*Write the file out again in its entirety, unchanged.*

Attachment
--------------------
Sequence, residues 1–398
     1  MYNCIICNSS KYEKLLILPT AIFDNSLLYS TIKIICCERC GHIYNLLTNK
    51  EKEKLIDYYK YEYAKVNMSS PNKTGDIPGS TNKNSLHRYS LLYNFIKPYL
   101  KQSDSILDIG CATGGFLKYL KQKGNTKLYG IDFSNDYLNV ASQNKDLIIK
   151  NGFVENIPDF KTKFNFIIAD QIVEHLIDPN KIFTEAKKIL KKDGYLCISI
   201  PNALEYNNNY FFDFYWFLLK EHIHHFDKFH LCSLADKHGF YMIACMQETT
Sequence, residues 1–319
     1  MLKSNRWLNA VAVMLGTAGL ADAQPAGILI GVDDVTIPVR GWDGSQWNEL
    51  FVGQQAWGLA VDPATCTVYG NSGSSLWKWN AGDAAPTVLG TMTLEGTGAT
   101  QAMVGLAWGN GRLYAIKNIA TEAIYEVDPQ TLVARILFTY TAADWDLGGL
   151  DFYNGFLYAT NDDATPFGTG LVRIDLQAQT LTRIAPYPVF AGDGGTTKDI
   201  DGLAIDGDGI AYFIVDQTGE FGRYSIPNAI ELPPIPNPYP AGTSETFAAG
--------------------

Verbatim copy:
Sequence, residues 1–398
     1  MYNCIICNSS KYEKLLILPT AIFDNSLLYS TIKIICCERC GHIYNLLTNK
    51  EKEKLIDYYK YEYAKVNMSS PNKTGDIPGS TNKNSLHRYS LLYNFIKPYL
   101  KQSDSILDIG CATGGFLKYL KQKGNTKLYG IDFSNDYLNV ASQNKDLIIK
   151  NGFVENIPDF KTKFNFIIAD QIVEHLIDPN KIFTEAKKIL KKDGYLCISI
   201  PNALEYNNNY FFDFYWFLLK EHIHHFDKFH LCSLADKHGF YMIACMQETT
Sequence, residues 1–319
     1  MLKSNRWLNA VAVMLGTAGL ADAQPAGILI GVDDVTIPVR GWDGSQWNEL
    51  FVGQQAWGLA VDPATCTVYG NSGSSLWKWN AGDAAPTVLG TMTLEGTGAT
   101  QAMVGLAWGN GRLYAIKNIA TEAIYEVDPQ TLVARILFTY TAADWDLGGL
   151  DFYNGFLYAT NDDATPFGTG LVRIDLQAQT LTRIAPYPVF AGDGGTTKDI
   201  DGLAIDGDGI AYFIVDQTGE FGRYSIPNAI ELPPIPNPYP AGTSETFAAG